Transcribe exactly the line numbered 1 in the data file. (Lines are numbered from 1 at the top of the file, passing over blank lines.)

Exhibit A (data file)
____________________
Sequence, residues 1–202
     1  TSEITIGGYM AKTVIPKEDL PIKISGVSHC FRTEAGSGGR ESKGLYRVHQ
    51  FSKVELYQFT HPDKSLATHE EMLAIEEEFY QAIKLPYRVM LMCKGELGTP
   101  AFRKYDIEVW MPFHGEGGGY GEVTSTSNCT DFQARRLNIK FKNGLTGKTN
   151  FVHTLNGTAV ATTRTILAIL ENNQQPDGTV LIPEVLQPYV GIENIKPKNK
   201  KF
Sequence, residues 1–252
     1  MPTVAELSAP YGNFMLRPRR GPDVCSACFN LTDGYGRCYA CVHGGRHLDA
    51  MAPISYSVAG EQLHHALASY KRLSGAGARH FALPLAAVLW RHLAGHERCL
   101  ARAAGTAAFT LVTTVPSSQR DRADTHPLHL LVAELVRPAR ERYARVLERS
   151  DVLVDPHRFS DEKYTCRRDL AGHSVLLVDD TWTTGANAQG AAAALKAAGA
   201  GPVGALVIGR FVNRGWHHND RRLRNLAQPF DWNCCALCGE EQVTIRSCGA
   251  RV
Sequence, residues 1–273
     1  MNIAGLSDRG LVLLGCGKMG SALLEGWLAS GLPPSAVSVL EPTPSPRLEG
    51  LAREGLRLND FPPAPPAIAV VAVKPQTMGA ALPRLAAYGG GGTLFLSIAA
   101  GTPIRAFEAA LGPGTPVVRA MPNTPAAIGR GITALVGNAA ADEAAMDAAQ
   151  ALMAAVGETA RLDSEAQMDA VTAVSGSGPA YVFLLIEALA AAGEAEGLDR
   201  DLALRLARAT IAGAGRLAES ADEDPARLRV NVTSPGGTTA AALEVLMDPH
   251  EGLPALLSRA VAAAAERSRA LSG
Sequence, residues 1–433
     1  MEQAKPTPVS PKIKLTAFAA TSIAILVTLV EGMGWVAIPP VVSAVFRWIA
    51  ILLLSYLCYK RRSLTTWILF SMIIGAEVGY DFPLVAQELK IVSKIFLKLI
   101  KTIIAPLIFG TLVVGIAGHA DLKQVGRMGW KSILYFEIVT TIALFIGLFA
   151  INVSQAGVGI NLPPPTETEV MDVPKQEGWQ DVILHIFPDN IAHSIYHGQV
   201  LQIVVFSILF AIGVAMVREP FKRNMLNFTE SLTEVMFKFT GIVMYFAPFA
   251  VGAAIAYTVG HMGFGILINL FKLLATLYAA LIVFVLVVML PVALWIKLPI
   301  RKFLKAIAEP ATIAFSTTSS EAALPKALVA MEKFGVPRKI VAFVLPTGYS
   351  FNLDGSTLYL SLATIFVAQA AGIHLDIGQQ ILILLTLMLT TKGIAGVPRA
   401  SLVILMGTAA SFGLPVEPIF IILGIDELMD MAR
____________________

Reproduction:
Sequence, residues 1–202